With the expansion of CNC (Computer Numerical Control) milling technology, designers are facing another challenge: defining the new characteristic and visual language of a CNC manufactured product.

However, there is more to this. Designing for digital manufacturing means that a CAD (Computer Aided Design) file represents the design. This new approach to product production reveals a new field of possibilities. You can now download a design from an “open making platform” like Opendesk or SketchUp and simply send it to a maker via email or make it yourself. We call this open-source designs.

A design labelled as open-source can be freely downloaded by anyone anywhere in the world and made locally by anyone having access to a CNC machine. More appealing, it can be hacked/transformed to be adapted to one’s needs or creative vision. The use of CAD facilitates the customisation of designs, adaptation of dimensions to fit a specific space and the ability to add bespoke features.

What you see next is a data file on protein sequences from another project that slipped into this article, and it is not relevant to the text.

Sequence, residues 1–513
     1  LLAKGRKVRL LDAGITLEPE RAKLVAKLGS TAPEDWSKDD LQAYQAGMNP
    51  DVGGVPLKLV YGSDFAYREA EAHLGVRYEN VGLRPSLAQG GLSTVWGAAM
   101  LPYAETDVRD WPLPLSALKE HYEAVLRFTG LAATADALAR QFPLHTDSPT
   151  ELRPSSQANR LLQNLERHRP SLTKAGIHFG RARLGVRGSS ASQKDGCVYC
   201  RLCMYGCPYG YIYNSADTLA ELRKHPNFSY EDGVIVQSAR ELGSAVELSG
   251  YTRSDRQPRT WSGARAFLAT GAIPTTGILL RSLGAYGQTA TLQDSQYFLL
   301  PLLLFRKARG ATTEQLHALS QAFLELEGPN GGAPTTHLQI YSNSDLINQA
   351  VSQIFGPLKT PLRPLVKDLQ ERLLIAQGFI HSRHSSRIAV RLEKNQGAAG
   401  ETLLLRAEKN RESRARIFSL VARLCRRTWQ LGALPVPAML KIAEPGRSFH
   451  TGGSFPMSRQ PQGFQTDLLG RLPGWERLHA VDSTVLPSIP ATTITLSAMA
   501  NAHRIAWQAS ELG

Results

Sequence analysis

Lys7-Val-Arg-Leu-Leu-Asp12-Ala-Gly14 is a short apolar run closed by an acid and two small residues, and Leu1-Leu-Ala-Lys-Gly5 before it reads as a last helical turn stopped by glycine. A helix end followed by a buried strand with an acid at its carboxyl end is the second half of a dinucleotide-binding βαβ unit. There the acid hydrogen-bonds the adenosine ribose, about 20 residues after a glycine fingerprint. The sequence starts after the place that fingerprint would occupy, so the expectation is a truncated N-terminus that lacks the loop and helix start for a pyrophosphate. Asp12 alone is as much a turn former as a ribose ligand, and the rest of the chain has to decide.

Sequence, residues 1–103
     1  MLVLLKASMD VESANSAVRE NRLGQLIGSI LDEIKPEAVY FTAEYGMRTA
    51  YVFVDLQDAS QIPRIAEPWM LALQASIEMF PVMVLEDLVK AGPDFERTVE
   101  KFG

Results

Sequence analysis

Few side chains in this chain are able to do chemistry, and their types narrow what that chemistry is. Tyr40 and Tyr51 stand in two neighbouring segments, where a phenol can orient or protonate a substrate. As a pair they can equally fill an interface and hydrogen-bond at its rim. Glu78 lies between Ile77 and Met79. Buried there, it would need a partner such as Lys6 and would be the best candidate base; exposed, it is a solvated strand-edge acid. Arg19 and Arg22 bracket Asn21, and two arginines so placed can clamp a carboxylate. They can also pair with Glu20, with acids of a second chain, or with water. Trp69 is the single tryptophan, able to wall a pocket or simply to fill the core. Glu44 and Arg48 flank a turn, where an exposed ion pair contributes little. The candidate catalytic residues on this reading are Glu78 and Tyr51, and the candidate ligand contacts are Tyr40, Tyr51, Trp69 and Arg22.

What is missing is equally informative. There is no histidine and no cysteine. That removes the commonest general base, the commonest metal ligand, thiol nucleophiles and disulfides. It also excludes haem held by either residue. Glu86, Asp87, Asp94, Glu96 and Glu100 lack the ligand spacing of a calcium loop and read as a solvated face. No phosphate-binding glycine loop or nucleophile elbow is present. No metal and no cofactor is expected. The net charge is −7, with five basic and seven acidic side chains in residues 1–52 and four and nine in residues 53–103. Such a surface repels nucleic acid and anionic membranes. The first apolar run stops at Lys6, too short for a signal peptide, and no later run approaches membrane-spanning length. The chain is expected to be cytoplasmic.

Designs available on Opendesk have to be manufactured using a 3 axes CNC machine. This tool allows you to quickly produce quality products.

However, the straightforwardness and apparent simplicity of the process should not be associated with a quick design process. There are few things to consider when designing for CNC manufacturing such as a responsible use of the material, a universality of production or a high quality file for makers.

These are some of the matters we will tackle in the following articles.

You can also refer to the Manifesto for more insights on open-making values and statements!